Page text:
More light, less resistance, although there are a few that do the reverse

    0
    roadieflip
    roadieflip

    Reply 9 years ago on Introduction

    Oh, and as far as what an optocoupler does, it isolates 2 separate circuits.

    I know you could use a transistor, but this stops a surge from an unprotected side of the circuit messing with a delicate side of the circuit. Ii can also control one circuit of a certain voltage with a circuit of a different voltage. (Think controlling your expensive camera with a hodge podge intervalometer that you think MIGHT just work, but your not willing to risk it...)


    (I'm at work and this is being written as quick as possible before the boss gets back!!! If you need clarification, I'll take my time to explain fully at a later date.)

    0
    __DELETED__
    __DELETED__

    Reply 9 years ago on Introduction

    Of course ebay, what else did I expect...

    Right I think I've got it. I'm pretty new to electronics at the moment...

    Thanks flip :-)

    0
    roadieflip
    roadieflip

    Reply 9 years ago on Introduction

    I got these from ebay a while ago. Just keep your eyes out for '1000 ultra bright white led' and you should pick up a pretty good bargain. They are now going for about £25 at the moment with free shipment from Hong Kong.

    Get 'em while they're hot! (or as hot as leds get).

    Hope this helps.

    Flip...

    If you're using a lighter on the recommended teflon heat shrink tubing, I'd say that it'd be a good idea to not breathe the fumes. I don't remember at what temperature PTFE depolymerizes, I believe it's somewhere around 465c (800f)-( I may have the two confused) - Whatever it is, fluorine compounds have never been known to play nice with humans.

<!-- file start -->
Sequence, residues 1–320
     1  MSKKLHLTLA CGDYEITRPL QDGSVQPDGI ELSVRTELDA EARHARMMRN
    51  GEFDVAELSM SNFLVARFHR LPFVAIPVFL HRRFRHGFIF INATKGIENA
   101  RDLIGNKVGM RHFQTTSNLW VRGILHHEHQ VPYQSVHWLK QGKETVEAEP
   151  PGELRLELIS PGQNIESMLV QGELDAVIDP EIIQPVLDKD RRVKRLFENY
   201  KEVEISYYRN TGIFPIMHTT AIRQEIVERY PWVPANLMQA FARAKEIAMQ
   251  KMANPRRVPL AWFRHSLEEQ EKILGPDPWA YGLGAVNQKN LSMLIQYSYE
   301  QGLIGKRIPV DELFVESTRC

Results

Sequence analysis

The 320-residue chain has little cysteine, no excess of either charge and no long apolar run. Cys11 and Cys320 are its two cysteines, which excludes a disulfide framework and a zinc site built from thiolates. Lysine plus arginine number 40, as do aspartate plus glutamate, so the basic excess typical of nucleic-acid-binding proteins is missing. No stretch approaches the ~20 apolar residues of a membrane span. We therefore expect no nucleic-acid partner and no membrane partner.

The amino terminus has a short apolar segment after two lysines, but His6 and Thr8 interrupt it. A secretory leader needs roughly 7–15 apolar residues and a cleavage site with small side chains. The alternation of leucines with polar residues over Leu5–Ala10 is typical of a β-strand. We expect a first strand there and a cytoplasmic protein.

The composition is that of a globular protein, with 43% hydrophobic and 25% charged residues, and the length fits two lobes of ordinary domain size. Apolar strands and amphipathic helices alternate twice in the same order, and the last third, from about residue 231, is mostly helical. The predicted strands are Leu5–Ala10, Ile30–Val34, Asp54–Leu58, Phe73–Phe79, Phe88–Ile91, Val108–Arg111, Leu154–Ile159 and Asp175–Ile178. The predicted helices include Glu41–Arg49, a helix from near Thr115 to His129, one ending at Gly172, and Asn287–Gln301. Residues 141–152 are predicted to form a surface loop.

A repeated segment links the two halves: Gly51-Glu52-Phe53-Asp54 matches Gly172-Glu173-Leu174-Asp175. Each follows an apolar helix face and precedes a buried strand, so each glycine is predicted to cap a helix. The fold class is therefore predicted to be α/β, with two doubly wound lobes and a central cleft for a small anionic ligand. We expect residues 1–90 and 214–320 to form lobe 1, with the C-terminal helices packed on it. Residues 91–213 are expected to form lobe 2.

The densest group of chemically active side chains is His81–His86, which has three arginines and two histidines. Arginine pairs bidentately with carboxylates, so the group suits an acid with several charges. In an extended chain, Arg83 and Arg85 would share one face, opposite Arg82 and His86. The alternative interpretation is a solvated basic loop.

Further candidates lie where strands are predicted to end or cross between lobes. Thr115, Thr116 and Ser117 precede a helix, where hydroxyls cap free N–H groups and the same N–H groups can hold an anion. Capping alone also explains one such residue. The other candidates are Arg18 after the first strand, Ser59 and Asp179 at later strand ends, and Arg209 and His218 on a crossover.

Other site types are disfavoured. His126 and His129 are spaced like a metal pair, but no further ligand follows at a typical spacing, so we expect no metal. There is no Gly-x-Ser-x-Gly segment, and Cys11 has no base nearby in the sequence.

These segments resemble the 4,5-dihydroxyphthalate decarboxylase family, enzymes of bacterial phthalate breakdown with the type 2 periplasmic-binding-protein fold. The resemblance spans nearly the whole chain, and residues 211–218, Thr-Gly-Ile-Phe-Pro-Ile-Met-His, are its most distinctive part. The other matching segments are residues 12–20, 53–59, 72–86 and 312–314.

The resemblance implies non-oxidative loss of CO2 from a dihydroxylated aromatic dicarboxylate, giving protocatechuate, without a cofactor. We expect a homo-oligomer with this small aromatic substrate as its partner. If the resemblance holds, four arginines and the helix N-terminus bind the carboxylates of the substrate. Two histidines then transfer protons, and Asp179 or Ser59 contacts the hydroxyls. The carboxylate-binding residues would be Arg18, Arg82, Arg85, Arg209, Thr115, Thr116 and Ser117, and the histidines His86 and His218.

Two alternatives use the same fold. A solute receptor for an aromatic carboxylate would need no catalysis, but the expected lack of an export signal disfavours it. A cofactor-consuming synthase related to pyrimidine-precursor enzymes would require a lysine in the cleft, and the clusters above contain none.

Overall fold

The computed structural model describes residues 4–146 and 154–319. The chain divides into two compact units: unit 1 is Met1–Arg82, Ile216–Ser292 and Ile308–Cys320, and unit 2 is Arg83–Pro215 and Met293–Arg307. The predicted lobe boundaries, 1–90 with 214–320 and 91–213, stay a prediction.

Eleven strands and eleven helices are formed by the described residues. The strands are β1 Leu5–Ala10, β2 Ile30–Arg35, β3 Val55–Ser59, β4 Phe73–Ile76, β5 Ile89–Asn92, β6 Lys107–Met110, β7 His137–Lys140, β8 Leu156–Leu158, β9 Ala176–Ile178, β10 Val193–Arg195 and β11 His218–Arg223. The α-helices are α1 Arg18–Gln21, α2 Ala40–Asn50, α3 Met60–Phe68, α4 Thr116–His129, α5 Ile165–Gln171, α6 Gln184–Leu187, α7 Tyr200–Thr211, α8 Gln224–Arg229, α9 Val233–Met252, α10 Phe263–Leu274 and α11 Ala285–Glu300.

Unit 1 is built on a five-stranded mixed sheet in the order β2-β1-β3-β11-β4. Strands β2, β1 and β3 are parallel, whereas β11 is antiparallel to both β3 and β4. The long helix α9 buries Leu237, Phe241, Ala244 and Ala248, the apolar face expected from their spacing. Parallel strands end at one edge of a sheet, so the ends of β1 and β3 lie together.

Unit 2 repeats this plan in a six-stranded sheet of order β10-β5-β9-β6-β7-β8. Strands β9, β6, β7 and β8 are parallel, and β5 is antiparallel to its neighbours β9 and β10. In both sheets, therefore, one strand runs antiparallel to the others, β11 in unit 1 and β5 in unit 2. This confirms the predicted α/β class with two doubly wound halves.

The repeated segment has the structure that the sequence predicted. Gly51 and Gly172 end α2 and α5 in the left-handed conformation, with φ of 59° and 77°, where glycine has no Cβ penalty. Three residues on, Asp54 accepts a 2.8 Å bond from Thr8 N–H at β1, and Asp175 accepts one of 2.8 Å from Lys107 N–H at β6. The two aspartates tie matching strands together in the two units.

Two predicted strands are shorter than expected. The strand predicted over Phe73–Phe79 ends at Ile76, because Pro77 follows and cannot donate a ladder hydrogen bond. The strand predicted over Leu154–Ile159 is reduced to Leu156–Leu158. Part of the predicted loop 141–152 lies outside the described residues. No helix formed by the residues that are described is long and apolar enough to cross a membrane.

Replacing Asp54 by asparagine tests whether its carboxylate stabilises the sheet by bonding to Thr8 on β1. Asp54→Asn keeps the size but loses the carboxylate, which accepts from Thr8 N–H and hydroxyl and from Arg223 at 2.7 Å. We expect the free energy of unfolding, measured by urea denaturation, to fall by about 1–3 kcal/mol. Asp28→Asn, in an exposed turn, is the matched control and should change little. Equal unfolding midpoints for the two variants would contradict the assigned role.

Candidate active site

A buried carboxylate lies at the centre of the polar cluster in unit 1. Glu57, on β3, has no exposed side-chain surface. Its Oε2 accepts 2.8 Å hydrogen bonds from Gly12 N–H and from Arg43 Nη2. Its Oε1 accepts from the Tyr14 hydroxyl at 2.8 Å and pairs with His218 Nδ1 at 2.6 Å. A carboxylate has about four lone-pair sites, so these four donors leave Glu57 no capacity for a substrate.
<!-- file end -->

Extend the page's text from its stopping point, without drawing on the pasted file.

0
    Steve Potman
    Steve Potman

    9 years ago on Introduction

    The heat shrinking idea might work. Just like roadieflip said, if you are quick with your lighter everything should be good. I like the steam idea a lot as well.

    If anything goes wrong I buy all of my tubing, heat exchangers, and other components from Fluorotherm. Good luck. I hope everything goes well.

    0
    Lateral Thinker

    heat shrinking the heat shrink tubing might result in over heating the electronic components. Good first go. Peter

    0
    roadieflip
    roadieflip

    Reply 10 years ago on Introduction

    If you're quick with your lighter, there shouldn't be a problem. Mine both work fine after getting the Flaming Gas treatment. Also, with them being used in a time-lapse trigger, they will only be on for one second every minute or so.

    0
    Lateral Thinker
    Lateral Thinker

    Reply 10 years ago on Introduction

    I was concerned other people might not know to be careful with heat, dont forget while you might be experienced, there will be learners here, while not doing your project, they will picking up information on heat shrink tubing.

    0
    microman171
    microman171

    Reply 10 years ago on Introduction

    You could use steam... It needs about 125°C